Microsoft Office Tutorials and References
In Depth Information
Creating a step chart
It’s critical that both value axes use the same scale. Excel’s automatic scaling
may cause the value axes to use different scales. In such a case, you will need
to adjust one or both of the axis scales manually.
Figure 8-18: This chart displays stacked columns in front of single columns.
Creating a step chart
A “step” chart is similar to a hybrid column/line chart. Figure 8-19 shows two charts
that use the data in columns A and B. The top chart is a standard line chart, and the
bottom chart is a column chart — modified to have a gap width of 0 and no border
colors. A typical step chart is similar to the column chart, but the columns are not visible.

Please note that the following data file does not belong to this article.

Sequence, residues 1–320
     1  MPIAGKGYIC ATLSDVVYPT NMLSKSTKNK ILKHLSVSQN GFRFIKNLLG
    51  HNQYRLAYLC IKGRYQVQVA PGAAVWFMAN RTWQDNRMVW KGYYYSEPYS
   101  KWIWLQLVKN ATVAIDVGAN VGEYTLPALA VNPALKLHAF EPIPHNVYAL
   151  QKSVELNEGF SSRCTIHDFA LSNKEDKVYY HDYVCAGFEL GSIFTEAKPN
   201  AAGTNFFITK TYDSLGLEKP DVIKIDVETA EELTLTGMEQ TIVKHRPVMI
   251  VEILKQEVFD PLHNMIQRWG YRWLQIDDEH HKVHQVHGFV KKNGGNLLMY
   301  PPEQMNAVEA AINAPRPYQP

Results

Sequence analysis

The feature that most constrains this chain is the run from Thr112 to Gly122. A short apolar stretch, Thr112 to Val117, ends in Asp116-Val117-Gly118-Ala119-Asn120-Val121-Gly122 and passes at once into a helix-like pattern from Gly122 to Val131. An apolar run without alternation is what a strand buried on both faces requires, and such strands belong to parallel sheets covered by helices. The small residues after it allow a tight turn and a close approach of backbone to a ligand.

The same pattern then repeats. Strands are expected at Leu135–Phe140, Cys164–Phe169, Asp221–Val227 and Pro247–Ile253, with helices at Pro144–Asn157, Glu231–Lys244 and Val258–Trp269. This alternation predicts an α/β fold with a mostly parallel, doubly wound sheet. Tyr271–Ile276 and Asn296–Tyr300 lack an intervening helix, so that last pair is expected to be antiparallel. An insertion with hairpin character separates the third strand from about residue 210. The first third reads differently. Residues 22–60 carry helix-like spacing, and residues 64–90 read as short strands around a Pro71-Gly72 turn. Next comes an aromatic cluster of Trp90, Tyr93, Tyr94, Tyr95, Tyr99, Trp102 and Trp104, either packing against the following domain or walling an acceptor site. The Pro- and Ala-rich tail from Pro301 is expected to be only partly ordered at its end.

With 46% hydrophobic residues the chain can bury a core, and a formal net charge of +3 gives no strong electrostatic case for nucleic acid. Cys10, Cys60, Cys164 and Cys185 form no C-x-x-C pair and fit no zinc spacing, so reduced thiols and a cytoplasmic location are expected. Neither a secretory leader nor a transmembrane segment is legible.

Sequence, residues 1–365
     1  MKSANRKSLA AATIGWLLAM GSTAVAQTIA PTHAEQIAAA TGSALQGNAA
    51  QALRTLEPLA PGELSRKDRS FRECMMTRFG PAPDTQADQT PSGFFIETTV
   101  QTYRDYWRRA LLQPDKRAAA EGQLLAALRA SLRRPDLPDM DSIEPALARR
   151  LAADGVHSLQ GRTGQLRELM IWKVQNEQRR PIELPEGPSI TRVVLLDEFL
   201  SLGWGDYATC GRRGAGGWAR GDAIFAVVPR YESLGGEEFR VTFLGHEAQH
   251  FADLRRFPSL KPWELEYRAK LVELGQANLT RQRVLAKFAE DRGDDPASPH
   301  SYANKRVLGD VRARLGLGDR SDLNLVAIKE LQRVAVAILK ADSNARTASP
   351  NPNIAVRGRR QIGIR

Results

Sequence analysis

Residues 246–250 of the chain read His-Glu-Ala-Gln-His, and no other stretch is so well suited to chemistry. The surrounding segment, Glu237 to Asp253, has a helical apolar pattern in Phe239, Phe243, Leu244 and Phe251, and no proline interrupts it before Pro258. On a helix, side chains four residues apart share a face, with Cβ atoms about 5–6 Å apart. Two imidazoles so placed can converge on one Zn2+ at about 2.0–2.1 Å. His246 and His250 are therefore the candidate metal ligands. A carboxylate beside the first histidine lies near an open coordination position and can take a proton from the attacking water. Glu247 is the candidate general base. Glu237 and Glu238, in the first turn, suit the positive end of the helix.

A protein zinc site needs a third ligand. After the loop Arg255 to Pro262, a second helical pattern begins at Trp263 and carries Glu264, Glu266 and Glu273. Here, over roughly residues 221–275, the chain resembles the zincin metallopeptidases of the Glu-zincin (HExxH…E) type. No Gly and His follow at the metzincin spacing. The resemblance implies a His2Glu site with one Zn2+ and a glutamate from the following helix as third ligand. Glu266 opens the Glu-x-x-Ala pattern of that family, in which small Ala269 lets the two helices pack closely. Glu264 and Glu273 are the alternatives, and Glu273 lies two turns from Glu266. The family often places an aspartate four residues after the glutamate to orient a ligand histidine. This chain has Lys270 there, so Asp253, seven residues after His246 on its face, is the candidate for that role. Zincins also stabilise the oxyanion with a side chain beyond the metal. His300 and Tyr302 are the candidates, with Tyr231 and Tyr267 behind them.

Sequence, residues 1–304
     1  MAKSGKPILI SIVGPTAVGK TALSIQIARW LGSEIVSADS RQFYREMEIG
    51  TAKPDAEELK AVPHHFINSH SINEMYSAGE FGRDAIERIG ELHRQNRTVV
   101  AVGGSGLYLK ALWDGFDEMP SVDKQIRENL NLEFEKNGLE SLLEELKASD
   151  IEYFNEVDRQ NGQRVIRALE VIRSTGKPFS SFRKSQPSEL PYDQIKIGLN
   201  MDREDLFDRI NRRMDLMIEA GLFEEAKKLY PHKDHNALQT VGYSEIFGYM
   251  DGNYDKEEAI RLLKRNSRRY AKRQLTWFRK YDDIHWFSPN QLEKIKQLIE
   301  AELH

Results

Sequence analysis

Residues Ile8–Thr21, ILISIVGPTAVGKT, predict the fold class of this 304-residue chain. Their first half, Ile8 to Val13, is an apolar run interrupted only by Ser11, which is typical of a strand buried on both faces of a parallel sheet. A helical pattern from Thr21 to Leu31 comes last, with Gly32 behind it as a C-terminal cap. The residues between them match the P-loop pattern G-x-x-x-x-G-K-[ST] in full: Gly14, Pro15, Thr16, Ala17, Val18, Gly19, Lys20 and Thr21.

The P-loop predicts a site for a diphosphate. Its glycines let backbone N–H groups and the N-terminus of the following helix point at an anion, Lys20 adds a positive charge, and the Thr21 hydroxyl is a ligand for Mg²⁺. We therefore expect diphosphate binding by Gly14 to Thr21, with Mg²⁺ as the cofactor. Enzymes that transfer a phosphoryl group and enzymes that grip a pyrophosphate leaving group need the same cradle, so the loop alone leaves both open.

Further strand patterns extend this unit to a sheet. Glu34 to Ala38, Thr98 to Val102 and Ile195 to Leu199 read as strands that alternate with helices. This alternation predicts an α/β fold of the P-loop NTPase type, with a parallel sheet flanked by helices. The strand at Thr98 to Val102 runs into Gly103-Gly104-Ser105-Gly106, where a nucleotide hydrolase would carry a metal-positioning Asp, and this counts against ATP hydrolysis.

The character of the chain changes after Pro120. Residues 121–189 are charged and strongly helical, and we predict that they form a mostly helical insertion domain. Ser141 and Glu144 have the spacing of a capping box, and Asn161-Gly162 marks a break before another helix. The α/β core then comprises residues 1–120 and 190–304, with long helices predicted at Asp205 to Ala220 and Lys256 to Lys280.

Rather, a step chart depicts a single line with the data points connected at right angles.
Excel does not provide a step chart type, but you can create such a chart by using
an XY chart, along with X error bars and Y error bars. Figure 8-20 shows an
example of this type of chart. Column A and B contain the same data used in the
previous charts. In addition, this chart uses the data in columns C and D as the source for
the X error bars and Y error bars.
Refer to Chapter 5 for more information about using error bars.
Column C contains simple formulas that calculate the difference between the
dates in column A. For example, cell C3 contains this formula:
=A3-A2
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